Dozens of deaths and hundreds of casualties reported on both sides as members of a so-called "civilian militia" attempt to keep illegal arms and ammunition.
Military and law enforcement sources estimate that 72 people were killed and more than 200 others were injured before government forces were compelled to withdraw.
Speaking after the clash, the Massachusetts Governor declared that the extremist faction, which was made up of local citizens, has links to a radical right-wing tax-protestors movement. The governor also blamed the extremists for recent incidents of vandalism directed against internal revenue offices.
The governor, who described the group's organizers as "criminals," issued an executive order authorizing the summary arrest of any individual who has interfered with the government's efforts to secure law and order or enforce the new gun-control laws and the military-style weapons ban.
The government raid on the extremist's arsenal followed refusal by the local citizenry to turn over recently outlawed military-style weapons after the governor had issued a ban on military-style assault weapons and ammunition earlier this week. This decision followed a meeting in early April between government and military leaders at which the governor authorized the forcible confiscation of illegal arms. One government official, speaking on condition of anonymity, pointed out that "none of these people would have been killed had the extremists obeyed the law and turned over their weapons voluntarily."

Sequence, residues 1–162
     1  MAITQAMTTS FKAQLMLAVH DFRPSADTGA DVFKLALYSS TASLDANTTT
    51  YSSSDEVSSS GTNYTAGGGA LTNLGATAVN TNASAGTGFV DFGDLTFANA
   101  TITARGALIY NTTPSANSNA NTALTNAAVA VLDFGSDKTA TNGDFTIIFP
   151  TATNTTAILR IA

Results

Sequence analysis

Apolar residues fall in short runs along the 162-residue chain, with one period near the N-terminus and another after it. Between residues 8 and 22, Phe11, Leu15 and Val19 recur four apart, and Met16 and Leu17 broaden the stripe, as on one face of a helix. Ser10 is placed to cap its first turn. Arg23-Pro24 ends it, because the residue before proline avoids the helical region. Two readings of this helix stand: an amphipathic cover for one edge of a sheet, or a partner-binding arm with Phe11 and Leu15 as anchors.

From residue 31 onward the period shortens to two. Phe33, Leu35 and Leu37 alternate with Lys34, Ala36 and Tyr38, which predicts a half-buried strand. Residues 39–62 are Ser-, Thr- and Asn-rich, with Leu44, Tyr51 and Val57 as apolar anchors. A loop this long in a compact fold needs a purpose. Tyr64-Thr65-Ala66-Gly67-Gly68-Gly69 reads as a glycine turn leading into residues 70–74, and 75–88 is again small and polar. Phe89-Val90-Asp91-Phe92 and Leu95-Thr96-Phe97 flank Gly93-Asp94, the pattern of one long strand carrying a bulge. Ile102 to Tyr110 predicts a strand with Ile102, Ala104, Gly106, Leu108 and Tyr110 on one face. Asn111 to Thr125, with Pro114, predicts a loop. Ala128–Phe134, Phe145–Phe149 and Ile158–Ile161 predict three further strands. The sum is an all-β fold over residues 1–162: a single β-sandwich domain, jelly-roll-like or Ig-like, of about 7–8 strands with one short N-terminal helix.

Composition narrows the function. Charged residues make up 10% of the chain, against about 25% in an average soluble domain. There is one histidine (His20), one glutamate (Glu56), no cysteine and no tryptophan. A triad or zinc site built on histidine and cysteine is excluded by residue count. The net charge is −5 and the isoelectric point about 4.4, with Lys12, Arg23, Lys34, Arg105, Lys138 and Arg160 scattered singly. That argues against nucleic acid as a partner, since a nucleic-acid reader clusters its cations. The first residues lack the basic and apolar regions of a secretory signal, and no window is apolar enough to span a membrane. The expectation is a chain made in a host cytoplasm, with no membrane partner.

Government troops had initially succeeded in confiscating a large supply of
outlawed weapons and ammunition. However, troops attempting to seize a second cache of arms and ammunition in Lexington were met with resistance from the heavily-armed extremists who had been tipped off regarding the government's plans.
During a tense standoff in Lexington's town park, National Guard Colonel Francis Smith, commander of the government operation, ordered the armed group to surrender and return to their homes. The impasse was broken by a single shot, which was reportedly fired by one of the right-wing extremists. Eight civilians were killed in the ensuing exchange.
Ironically, some of the local citizenry blamed government forces rather than the extremists for the civilian deaths. Before order could be restored, numerous armed citizens from surrounding areas had descended upon the guard units. Colonel Smith, finding his forces overmatched by the armed mob, ordered a retreat. Smith said his forces will return with reinforcements.
Massachusetts Governor Thomas Gage has called upon all citizens to support the state/national joint task force in its effort to restore law and order. It is still the governors intention to disarm and prosecute those who have resisted the military-style arms ban and other 'sensible' restrictions.
The governor has also demanded the surrender of those responsible for planning and leading the attack against the government troops. The public is asked to immediately report directly to local authorities if they locate Samuel Adams, Paul Revere, or John Hancock. These men have been identified as "ringleaders" of the extremist faction and they remain at large.
Adams, Hancock, and Revere are considered armed and extremely dangerous.